In Defense Of The Pedicure


We need to talk about your feet. I hate to be the one to tell you this, but they’re not great. They’ve probably spent a long winter crammed into wool socks, stuffed into boots, and sweating at the gym. Those things will take a toll on anyone’s feet, leaving them crusty, cracked, and dry looking. Now that it’s officially sandal season, you want to let them breathe. But before you do, you need to make them look presentable.

That’s where pedicures come in. Have you ever had one? I spent years of my life avoiding pedicures. I thought they were unnecessary, too luxurious, and my schedule was too packed to fit one in even if I wanted to. But man, was I ever wrong.

One day, on a whim, I decided to get a pedicure. From almost the moment I sat down in the massage chair and dipped my feet into the warm water, I was converted. There is a specific pleasure to having someone work on your feet. It’s relaxing in a way that few other things are. Having someone else cut your toenails, scrub away calluses, and massage your heels with cream can literally make your eyes roll back in your head.

But there’s more to it than that. Foot health is often overlooked because of an “out of sight, out of mind” mentality. Think about your feet for a second. Think about the miles you walk, how many hours you stand, how many steps your FitBit is tracking on a daily basis. Now think about doing all of that with pain in your feet. Not pretty.

Feet are especially prone to fungal infections (which can cause toenails to become discolored and even fall off), athlete’s foot (which can cause itching and blisters), and ingrown toenails (which can lead to bacterial infections). There are other things to worry about too, like certain types of melanomas which can manifest in the feet and are not always associated with sun damage.

Most of us don’t know exactly what these ailments look like, so having a professional periodically check out your feet (like during a pedicure) can help identify and treat foot issues early. You should also regularly check your own feet for changes and anything that looks weird. That’s where a home pedicure comes in handy.

Taking care of your own feet at home is easy and requires just a few simple steps:

  • Soak your feet for at least 10 minutes in warm water and Epsom salts.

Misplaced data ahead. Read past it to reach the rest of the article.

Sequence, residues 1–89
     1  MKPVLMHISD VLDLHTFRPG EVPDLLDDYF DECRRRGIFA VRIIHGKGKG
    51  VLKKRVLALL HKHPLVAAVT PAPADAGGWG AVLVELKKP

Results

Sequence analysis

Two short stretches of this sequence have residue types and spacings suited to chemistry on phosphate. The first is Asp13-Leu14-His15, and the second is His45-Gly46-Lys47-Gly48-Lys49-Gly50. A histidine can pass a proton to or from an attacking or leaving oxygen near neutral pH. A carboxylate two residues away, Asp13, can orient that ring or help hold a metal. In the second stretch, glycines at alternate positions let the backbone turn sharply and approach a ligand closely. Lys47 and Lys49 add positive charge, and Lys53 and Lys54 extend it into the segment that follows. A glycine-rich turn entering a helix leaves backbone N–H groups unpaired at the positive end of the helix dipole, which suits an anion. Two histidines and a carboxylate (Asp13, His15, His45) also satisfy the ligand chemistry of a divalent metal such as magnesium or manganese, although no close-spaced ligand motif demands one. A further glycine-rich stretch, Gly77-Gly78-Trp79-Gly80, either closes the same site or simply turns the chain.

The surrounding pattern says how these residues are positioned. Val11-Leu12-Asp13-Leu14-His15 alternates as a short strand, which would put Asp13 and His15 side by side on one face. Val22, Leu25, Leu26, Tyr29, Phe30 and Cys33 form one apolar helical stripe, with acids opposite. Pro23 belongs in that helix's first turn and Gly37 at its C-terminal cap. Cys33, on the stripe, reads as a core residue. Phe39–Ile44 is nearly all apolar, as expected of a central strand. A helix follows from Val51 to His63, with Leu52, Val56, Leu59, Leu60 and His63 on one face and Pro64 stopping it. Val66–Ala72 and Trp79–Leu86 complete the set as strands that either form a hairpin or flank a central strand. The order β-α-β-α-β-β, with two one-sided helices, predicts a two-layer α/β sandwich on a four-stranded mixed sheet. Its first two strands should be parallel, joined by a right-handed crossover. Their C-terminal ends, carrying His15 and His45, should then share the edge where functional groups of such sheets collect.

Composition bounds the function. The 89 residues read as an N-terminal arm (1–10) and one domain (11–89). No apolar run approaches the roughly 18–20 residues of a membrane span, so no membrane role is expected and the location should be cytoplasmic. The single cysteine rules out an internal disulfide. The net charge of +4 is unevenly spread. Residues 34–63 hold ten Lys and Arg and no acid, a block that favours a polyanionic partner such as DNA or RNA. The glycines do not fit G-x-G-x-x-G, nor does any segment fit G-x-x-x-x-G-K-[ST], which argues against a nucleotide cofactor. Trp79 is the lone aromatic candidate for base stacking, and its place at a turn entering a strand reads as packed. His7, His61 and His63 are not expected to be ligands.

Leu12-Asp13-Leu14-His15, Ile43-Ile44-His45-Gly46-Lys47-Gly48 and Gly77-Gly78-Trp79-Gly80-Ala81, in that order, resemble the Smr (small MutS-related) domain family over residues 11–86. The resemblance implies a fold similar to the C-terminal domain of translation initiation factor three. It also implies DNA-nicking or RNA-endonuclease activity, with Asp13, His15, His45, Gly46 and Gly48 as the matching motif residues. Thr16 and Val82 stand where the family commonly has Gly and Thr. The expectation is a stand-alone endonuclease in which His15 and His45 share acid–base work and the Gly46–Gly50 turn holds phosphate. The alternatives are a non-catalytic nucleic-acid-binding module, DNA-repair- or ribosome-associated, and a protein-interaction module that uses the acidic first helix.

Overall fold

• Scrub your feet with a foot scrub to exfoliate dead skin.
  • Use a pumice stone to smooth away calluses on your heels and toes (and anywhere else).
  • Using a straight-across nail clipper, trim your toenails straight across (using a curved clipper may cause ingrown toenails). Make sure to keep a little bit of length and don’t trim them too short.
  • Use an emory board or nail file to smooth the cut edges.
  • Finish with a foot cream or lotion and rub it in well. Don’t leave globs of it between your toes, which can cause fungus growth.
  • Put on some slippers. You have to protect those fresh feet!

A DIY pedicure is great (any form of foot care is beneficial), but it pales in comparison to a professional pedicure. It’s like the difference between microwaving dinner for yourself and going to a 5-star restaurant. You just can’t compete with professional-level skills.

Still, you have to be careful when picking a pedicure spot. It’s hard to tell whether they clean the foot basis often, but if they don’t use fresh water each time or put a plastic liner in the basin, it could be a red flag. Dirty basins can recirculate bacteria and fungus from other people’s feet. Make sure the pedicurist opens a fresh package of tools for your treatment (again, to prevent contamination). And if you have an ingrown toenail that required extraction, don’t let them do it. Instead, head to a podiatrist.

Even with safety in mind, pedicures are relatively low-risk and high-reward. You can get them as often as you like, but once a month is a good rule of thumb. Keeping your feet looking great and feeling healthy might have brought you in, but the relaxation will keep you coming back.

Now we have to wrap this up - my pedicure is almost over.